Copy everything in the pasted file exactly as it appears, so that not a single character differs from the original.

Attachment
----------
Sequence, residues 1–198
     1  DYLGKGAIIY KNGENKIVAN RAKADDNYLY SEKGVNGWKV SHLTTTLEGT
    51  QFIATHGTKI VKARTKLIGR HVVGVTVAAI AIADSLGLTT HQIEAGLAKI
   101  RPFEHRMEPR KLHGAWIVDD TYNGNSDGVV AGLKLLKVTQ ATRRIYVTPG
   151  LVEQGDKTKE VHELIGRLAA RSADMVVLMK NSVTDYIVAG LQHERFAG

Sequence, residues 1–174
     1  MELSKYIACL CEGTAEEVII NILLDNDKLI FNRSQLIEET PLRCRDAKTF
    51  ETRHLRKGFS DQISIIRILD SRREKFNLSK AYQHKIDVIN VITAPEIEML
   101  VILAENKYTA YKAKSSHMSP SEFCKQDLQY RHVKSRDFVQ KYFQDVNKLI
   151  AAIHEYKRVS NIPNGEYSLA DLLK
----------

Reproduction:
Sequence, residues 1–198
     1  DYLGKGAIIY KNGENKIVAN RAKADDNYLY SEKGVNGWKV SHLTTTLEGT
    51  QFIATHGTKI VKARTKLIGR HVVGVTVAAI AIADSLGLTT HQIEAGLAKI
   101  RPFEHRMEPR KLHGAWIVDD TYNGNSDGVV AGLKLLKVTQ ATRRIYVTPG
   151  LVEQGDKTKE VHELIGRLAA RSADMVVLMK NSVTDYIVAG LQHERFAG

Sequence, residues 1–174
     1  MELSKYIACL CEGTAEEVII NILLDNDKLI FNRSQLIEET PLRCRDAKTF
    51  ETRHLRKGFS DQISIIRILD SRREKFNLSK AYQHKIDVIN VITAPEIEML
   101  VILAENKYTA YKAKSSHMSP SEFCKQDLQY RHVKSRDFVQ KYFQDVNKLI
   151  AAIHEYKRVS NIPNGEYSLA DLLK